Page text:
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Private Security Industry Act 2001 (Amendments to Schedule 2) Order 2007

Volume 694: debated on Tuesday 17 July 2007

rose to move, That the Grand Committee do report to the House that it has considered the Private Security Industry Act 2001 (Amendments to Schedule 2) Order 2007.

The noble Lord said: The Private Security Industry Act 2001 provides for the regulation of the private security industry through the licensing of individual operatives working in the private security industry. At present, the licensing requirement applies only to England and Wales. In Scotland, licensing will become a requirement from 1 November 2007.

The main purpose of this order is to amend Schedule 2 to the 2001 Act to ensure that, in line with similar functions in England and Wales, certain prison- and police-related activities carried out in Scotland are not caught by the licensing requirement.

The order also makes a number of minor and technical amendments. The 2001 Act sets out certain types of activity for which an SIA licence is required. These activities, which are designated by orders made under Section 3(3) of the Act, are listed in Schedule 2. They include manned guarding, door supervision, the transport of cash and valuables, and key-holding. When licensing becomes compulsory in Scotland, from 1 November 2007, those activities will also be designated in respect of Scotland. Crown employees who hold office and undertake security activities, such as police officers and prison officers, are outside the scope of the 2001 Act.

However, the original legislation had the unforeseen effect of extending to security guards who undertook manned guarding activities while working under contract in prisons, in immigration centres, as prisoner escorts and in other similar areas under the control of the police and prison authorities. They were subsequently excluded in respect of England and Wales. Article 2 will ensure that the position is the same in Scotland.

Article 3 makes a minor, technical amendment. Article 4 ensures that the restriction and/or removal of vehicles is not caught by the licensing requirement in Scotland. Vehicle immobilisation, or wheel-clamping, where a fee is charged for the release of the vehicle, is already illegal in Scotland.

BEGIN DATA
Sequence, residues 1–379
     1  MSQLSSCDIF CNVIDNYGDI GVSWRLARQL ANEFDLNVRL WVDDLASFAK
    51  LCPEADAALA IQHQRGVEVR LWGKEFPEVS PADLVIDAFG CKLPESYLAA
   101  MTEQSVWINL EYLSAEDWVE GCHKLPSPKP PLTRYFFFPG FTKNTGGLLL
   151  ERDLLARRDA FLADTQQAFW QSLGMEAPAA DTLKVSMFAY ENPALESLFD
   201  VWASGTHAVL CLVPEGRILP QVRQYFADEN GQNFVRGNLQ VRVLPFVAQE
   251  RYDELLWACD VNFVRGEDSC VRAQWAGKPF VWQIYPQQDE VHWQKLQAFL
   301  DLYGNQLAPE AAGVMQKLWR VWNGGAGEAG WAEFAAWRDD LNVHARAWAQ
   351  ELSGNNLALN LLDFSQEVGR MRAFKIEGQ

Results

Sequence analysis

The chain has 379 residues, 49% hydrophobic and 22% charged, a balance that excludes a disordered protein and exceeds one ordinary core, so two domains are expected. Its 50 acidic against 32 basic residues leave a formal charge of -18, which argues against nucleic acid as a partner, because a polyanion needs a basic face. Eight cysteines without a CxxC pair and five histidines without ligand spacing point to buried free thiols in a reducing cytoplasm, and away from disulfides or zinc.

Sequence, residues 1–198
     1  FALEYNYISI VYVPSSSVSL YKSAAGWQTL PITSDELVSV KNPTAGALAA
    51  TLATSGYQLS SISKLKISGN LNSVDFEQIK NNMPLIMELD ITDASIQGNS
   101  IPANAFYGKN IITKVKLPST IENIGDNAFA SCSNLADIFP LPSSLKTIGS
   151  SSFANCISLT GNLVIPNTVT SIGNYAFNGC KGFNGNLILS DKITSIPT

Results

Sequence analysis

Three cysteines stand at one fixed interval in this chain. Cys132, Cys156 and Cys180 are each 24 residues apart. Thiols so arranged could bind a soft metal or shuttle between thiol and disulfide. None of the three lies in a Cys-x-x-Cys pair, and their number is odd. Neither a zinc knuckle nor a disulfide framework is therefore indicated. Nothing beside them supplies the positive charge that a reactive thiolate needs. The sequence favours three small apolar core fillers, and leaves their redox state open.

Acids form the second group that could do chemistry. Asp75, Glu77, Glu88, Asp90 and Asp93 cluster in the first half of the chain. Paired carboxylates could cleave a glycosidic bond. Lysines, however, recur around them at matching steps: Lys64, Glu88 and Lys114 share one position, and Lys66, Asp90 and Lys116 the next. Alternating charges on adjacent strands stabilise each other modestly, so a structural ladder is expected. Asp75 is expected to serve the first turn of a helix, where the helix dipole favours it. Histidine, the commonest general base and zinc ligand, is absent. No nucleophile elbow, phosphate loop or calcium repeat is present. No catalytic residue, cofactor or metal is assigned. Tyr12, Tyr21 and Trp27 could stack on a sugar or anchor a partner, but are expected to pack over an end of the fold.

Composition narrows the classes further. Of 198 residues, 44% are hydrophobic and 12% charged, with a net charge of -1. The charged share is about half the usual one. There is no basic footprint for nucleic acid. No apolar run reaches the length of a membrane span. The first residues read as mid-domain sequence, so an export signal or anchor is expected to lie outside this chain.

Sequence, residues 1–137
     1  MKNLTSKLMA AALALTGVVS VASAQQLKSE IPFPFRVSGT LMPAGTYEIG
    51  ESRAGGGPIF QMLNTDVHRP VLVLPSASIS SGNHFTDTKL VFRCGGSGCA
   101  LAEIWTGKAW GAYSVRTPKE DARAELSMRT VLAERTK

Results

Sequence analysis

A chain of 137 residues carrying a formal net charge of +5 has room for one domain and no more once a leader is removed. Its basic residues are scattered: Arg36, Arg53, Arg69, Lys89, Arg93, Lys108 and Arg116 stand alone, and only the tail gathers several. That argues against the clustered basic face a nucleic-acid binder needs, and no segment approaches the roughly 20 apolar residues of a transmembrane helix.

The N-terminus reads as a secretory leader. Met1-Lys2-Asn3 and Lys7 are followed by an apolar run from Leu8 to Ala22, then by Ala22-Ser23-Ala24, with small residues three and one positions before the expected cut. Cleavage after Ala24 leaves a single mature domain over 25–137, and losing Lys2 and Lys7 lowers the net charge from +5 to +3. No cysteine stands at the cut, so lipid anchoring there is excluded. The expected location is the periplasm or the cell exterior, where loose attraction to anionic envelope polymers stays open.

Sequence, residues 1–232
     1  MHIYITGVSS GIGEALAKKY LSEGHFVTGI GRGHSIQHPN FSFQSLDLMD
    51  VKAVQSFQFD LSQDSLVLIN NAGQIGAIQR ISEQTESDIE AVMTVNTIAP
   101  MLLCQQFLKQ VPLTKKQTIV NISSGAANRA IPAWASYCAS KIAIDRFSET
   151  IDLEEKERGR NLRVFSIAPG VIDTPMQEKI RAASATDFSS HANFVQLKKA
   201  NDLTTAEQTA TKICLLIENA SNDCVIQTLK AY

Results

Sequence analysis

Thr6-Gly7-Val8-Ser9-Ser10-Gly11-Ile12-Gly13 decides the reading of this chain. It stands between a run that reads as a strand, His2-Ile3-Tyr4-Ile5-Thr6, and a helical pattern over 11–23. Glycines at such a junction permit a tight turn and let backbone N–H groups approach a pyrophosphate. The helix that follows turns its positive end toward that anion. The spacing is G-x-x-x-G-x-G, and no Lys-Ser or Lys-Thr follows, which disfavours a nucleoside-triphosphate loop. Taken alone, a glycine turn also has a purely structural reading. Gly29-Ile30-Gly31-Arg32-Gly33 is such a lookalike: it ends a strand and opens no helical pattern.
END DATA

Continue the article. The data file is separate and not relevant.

Paragraphs (2) and (5) of Article 5 bring the position in Scotland into line with that in England and Wales to ensure that the door supervision requirements apply to licensed premises only when alcohol or entertainment is being provided. Article 5(3) is intended to establish beyond doubt that licensable security activities in respect of cash and valuables in transit and close protection are not caught by the door supervision requirements. It applies to all areas.

Article 5(4) avoids potential problems caused by an incorrect paragraph number used in a similar amendment made by the Gambling Act 2005. The amendment makes it clear that casinos and bingo halls do not fall under the door supervision requirements in addition to requiring a premises licence under the Gambling Act.

Article 5(5) amends the list of premises not to be treated as licensed premises for the purposes of paragraph (8) to make provision for the position in Scotland.

Once the order is passed, implementation of the licensing requirement in Scotland will require an order made by the Scottish Parliament applying the offence provisions of the Act to Scotland from 1 November 2007.

In closing, I can say that the SIA has overcome the problems of last year caused by a last-minute rush for licences and is now well placed to extend its functions to Scotland. I beg to move.

Moved, That the Grand Committee do report to the House that it has considered the Private Security Industry Act 2001 (Amendments to Schedule 2) Order 2007. 19th report from the Statutory Instruments Committee.—(Lord Bassam of Brighton.)

I thank the Minister for his explanation of the order, which, as he explained, is intended largely to bring the legislation in Scotland into line with that of England and Wales. I would welcome his assurance that the order is, as the Government said, “appropriate and proportionate” both in England and Wales and in Scotland. My party did not oppose the Act when it was brought into force, and I would welcome the Minister’s assurance that the Government have in mind not to penalise excessively the smaller businesses in this industry. We have no other objections to the measure.

I add my thanks to the Minister for his explanation of the order. Like the noble Viscount, Lord Bridgeman, I want to ask whether it is appropriate and proportionate. The second and only other query that I have is why there is an exception for casinos under Article 5(4).

I am grateful to both noble Lords for their kind comments of welcome to this order. The noble Viscount, Lord Bridgeman, is right to ask about its appropriateness and proportionality. We have consulted extensively on this. There is support across the security industry sector, and business, too, largely accepts the measure as the right way to proceed. Following the passing of the Act, there was some debate about whether it had been sufficiently fine-tuned and whether, for some businesses, it could have been an excuse for over-zealous regulation. We think that we have that right, and the messages that we are getting back say exactly the same. I can tell noble Lords that a small business impact assessment was carried out before the decision was made to extend the measure to Scotland. Therefore, we think that it is appropriate and that we have the balance right in terms of proportionality for enforcement.

The noble Lord, Lord Dholakia, asked about casinos. My understanding is that casinos are already exempted, so the order need not apply and it is therefore entirely workable. There is no explanation other than that.

On Question, Motion agreed to.